Alex Ovechkin said he is thrilled to kick off Russia's Olympic torch relay for the 2014 Winter Games in Sochi - a mammoth effort covering the country's nine time zones that will include a trip to outer space.
"I'm going to be probably smiling all the time and I'm going to remember this stuff for all of my life," the NHL star said late Saturday after arriving in Ancient Olympia for Sunday's flame lighting ceremony.
The 28-year-old Washington Capitals winger will be the first Russian to run with the torch on Sunday after 18-year-old Greek alpine skier Ioannis Antoniou will take it out of the ancient stadium in southern Greece, the birthplace of the ancient Olympics.
"I going to tell my kids, my grandkids, and it's probably one of the biggest moments in my life," Ovechkin said.
The 6-foot-3 hockey player said he was not worried about a potential match against his U.S.-based teammates.
"I'm playing in the NHL right now," he said. "I'm playing against lots of my friends, with players from different countries there so, you know, it's kind of going to be normal."
Ovechkin sidestepped controversy over Russia's record on gay rights, saying only that he was looking forward to the competition.
"To be honest with you, I'm a hockey player and I'm not (into) politics. In this kind of situation you'd have to ask those (in) politics."
Games organizers described Ovechkin as a natural choice to represent Russia's campaign to increase its visibility around the world.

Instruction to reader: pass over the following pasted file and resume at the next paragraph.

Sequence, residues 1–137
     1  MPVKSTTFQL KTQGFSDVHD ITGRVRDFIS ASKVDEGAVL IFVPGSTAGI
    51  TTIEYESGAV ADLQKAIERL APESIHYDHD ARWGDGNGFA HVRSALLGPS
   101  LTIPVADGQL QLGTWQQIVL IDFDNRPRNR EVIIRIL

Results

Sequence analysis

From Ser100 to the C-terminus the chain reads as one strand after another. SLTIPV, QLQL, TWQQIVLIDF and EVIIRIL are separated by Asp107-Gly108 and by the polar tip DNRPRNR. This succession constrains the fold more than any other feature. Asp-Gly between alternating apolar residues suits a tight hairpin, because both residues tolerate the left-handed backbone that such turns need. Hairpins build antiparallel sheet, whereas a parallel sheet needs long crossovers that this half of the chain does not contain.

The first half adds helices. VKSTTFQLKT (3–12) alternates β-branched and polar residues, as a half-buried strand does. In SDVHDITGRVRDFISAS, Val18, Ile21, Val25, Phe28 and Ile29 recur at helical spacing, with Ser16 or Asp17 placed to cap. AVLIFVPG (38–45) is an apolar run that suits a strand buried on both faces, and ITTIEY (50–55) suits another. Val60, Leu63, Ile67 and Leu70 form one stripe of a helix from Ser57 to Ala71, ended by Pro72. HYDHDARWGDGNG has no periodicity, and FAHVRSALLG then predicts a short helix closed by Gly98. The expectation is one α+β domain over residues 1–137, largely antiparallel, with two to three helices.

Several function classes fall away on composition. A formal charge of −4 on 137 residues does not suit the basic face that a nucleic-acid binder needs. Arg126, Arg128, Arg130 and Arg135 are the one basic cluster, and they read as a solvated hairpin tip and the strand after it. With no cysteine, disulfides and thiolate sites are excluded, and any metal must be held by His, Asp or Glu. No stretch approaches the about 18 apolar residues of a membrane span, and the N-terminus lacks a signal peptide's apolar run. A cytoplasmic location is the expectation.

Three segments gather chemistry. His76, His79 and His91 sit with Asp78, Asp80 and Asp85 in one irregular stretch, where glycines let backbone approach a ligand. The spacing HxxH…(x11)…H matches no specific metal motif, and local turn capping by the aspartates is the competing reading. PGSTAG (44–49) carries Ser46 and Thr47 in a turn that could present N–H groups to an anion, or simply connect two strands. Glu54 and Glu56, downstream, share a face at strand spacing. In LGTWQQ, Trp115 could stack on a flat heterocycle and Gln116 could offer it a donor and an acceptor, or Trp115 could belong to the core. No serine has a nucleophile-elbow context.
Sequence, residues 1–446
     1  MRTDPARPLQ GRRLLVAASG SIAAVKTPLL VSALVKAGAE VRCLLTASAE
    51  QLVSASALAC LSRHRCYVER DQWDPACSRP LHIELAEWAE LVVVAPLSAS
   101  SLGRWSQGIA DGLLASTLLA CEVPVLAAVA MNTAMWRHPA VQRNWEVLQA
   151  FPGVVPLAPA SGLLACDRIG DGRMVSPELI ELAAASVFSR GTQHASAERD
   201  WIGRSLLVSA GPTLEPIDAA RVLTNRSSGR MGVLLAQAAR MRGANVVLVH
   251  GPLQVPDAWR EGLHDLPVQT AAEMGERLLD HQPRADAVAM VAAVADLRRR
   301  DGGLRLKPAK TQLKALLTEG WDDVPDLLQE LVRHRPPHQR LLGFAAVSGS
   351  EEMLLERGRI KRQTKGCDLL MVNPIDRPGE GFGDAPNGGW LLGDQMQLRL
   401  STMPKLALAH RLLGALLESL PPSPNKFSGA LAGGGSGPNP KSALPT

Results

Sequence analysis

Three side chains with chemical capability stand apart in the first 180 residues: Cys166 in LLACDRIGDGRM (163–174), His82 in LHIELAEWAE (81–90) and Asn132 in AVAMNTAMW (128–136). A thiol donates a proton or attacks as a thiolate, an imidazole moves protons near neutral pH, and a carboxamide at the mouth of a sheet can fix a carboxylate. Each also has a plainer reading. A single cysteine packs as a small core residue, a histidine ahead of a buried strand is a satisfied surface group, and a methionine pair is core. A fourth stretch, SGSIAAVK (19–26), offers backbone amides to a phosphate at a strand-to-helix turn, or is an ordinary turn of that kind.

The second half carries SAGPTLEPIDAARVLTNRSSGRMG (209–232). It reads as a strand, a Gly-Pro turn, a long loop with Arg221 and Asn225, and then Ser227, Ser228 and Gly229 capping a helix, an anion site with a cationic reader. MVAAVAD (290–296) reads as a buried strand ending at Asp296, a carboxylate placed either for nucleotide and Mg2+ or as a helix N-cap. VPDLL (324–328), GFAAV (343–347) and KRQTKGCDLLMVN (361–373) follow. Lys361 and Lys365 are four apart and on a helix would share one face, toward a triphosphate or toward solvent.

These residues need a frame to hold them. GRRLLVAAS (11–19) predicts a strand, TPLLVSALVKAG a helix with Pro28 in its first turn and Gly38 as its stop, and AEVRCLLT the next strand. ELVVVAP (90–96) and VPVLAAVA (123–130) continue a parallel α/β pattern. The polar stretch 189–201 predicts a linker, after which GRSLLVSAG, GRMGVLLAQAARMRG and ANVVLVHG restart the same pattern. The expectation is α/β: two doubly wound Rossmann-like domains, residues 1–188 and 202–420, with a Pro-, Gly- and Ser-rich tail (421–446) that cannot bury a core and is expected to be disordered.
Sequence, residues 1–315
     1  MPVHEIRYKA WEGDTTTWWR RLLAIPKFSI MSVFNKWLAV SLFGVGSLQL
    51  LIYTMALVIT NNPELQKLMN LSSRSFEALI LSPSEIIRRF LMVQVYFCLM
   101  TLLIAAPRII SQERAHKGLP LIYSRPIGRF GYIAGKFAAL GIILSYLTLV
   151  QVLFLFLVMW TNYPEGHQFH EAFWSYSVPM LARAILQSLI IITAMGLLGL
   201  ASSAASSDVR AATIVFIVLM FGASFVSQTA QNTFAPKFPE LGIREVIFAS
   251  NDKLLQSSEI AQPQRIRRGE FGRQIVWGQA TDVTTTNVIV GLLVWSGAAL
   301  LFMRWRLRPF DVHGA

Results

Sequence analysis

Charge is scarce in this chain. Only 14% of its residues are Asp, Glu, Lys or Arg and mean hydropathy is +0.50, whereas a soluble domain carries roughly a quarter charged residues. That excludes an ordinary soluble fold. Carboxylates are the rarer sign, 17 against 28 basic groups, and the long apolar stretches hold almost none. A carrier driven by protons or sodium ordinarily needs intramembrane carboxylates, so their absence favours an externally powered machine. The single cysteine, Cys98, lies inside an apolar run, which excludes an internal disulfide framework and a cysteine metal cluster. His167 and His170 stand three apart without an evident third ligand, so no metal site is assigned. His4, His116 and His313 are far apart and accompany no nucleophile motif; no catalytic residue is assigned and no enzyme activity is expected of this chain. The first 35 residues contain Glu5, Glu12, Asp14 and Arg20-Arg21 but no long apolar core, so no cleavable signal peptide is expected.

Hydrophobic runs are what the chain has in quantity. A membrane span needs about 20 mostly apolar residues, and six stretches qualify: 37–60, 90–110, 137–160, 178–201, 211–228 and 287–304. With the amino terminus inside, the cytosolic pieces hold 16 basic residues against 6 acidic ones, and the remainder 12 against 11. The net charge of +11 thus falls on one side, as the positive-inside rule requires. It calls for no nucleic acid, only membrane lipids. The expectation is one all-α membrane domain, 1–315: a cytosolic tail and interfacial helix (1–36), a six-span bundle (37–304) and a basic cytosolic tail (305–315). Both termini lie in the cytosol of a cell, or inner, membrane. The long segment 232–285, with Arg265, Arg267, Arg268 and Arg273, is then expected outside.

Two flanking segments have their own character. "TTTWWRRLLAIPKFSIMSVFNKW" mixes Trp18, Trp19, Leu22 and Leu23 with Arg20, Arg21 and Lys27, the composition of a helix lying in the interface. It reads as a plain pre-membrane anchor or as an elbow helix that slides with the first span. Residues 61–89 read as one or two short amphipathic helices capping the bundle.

In remarks to The Associated Press and at a news conference, Dmitry Chernyshenko, chief organizer of Sochi 2014, described the hockey player as the obvious choice.
"From the beginning of this effort, he was our proud ambassador for the games ... beyond the borders of Russia and this is why it's absolutely natural that he was selected," Chernyshenko said.
"We saw how popular he was in Russia and abroad ... He's charismatic and he has a great smile."
The Russian leg of the torch relay is set to cover 40,390 miles before the Feb. 7-23 Winter Games.
"The Olympic flame is about to begin an epic journey ... traveling all nine time zones of Russia in 123 days. It will be carried by 14,000 proud torchbearers," Chernyshenko said.
"The Olympic torch will travel by reindeer, dog sled, snow mobiles, boats and even hot air balloon and many other vehicles, and of course by foot, by car and tens of thousands of kilometers by train, by plane."
The flame would be carried into space on Nov. 7, he said.
"It will go to the North Pole by nuclear power icebreaker and yes it will travel to space ... and the same torch will be used to light the flame during the opening ceremony."
A practice run for the torch lighting was held midday Saturday.
Hundreds of tourists watched, took photographs and clapped as actresses dressed as ancient priestesses used the sun's rays, focused in a parabolic mirror to light the flame that will be kept in reserve for the actual ceremony to be held Sunday and attended by Thomas Bach, elected this month as the new president of the International Olympic Committee.
Saturday's rehearsal went off with one minor hitch: The first torchbearer, Greek Antoniou, had trouble with his torch and waited patiently but in vain for it to light.
"We didn't know they were going to use the torch in the rehearsal, so the gas bottle had been removed," Chernyshenko said. "It's been built to work in some very difficult terrain and freezing temperatures. So it will be fine tomorrow, you will see."